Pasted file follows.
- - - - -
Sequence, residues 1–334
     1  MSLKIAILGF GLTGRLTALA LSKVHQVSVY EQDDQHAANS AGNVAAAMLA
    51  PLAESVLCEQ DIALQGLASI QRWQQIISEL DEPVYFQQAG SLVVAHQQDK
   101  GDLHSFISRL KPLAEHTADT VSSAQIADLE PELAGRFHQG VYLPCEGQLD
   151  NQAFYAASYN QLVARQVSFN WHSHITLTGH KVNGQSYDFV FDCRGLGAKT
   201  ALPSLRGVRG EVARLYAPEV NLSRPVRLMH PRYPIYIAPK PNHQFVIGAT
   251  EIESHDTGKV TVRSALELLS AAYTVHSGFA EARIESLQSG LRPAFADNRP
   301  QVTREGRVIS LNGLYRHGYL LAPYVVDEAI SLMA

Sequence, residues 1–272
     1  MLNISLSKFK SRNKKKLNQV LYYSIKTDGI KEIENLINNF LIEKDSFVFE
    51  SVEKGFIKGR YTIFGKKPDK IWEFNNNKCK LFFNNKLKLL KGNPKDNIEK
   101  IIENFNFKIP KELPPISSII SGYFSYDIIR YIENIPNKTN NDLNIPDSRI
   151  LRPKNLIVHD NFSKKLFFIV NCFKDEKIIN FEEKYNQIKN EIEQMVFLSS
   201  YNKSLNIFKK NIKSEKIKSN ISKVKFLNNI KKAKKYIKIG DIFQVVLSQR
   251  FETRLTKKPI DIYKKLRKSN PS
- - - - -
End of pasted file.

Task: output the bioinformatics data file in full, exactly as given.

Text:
Sequence, residues 1–334
     1  MSLKIAILGF GLTGRLTALA LSKVHQVSVY EQDDQHAANS AGNVAAAMLA
    51  PLAESVLCEQ DIALQGLASI QRWQQIISEL DEPVYFQQAG SLVVAHQQDK
   101  GDLHSFISRL KPLAEHTADT VSSAQIADLE PELAGRFHQG VYLPCEGQLD
   151  NQAFYAASYN QLVARQVSFN WHSHITLTGH KVNGQSYDFV FDCRGLGAKT
   201  ALPSLRGVRG EVARLYAPEV NLSRPVRLMH PRYPIYIAPK PNHQFVIGAT
   251  EIESHDTGKV TVRSALELLS AAYTVHSGFA EARIESLQSG LRPAFADNRP
   301  QVTREGRVIS LNGLYRHGYL LAPYVVDEAI SLMA

Sequence, residues 1–272
     1  MLNISLSKFK SRNKKKLNQV LYYSIKTDGI KEIENLINNF LIEKDSFVFE
    51  SVEKGFIKGR YTIFGKKPDK IWEFNNNKCK LFFNNKLKLL KGNPKDNIEK
   101  IIENFNFKIP KELPPISSII SGYFSYDIIR YIENIPNKTN NDLNIPDSRI
   151  LRPKNLIVHD NFSKKLFFIV NCFKDEKIIN FEEKYNQIKN EIEQMVFLSS
   201  YNKSLNIFKK NIKSEKIKSN ISKVKFLNNI KKAKKYIKIG DIFQVVLSQR
   251  FETRLTKKPI DIYKKLRKSN PS